Hellenistic Monarchy: Success and Legitimation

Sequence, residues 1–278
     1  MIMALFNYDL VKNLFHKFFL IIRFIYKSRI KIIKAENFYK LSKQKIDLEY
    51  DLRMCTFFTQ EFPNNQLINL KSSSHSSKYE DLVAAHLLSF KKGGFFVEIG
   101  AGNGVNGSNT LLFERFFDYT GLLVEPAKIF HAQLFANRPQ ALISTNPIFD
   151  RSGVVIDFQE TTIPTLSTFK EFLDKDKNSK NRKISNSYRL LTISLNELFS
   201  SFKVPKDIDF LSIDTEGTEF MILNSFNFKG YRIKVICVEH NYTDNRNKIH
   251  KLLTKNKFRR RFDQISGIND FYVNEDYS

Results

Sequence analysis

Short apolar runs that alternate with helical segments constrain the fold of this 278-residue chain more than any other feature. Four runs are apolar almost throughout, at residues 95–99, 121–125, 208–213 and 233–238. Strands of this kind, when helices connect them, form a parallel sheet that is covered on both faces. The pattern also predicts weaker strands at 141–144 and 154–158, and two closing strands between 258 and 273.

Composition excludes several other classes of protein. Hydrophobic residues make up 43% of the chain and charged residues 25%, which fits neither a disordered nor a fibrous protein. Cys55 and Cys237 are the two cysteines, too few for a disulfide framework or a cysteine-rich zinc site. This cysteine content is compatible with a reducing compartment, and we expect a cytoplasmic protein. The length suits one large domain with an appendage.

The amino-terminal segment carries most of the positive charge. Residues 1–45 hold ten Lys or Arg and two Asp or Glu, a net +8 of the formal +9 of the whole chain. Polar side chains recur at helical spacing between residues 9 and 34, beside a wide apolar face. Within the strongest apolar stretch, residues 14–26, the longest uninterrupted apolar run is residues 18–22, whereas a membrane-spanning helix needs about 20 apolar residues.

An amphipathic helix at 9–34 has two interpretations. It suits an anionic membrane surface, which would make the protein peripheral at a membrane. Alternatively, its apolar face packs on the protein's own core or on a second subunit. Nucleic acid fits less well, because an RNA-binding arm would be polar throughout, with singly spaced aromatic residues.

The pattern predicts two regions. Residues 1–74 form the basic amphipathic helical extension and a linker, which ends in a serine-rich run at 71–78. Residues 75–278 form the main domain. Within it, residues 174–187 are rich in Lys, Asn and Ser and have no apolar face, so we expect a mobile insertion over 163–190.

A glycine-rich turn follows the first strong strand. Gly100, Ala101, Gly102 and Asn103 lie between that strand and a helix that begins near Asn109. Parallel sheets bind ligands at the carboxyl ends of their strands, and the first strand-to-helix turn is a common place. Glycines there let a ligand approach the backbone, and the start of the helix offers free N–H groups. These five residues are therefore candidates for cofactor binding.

The Hellenistic period could be said to have arrived in a big bang. In 306 BC, four years after the sordid death of the last Argead king, Antigonus the One-Eyed declared himself and his son Demetrius kings, and assumed the diadem as the regalia of royalty. His example was followed almost immediately by Ptolemy, Seleucus, Lysimachus, and Cassander, not to mention Agathocles in Sicily. There was now a plethora of Macedonian kings who (with the exception of Cassander) held sway outside Macedon. Traditional scholarship has concentrated on the supposed contrast between Antigonus and the other kings; Antigonus was attempting to recreate the universal monarchy of Alexander, while the other dynasts had strictly regional bases of power. This chapter examines the nature of Hellenistic monarchy and the mutual expectations of ruler and subject.
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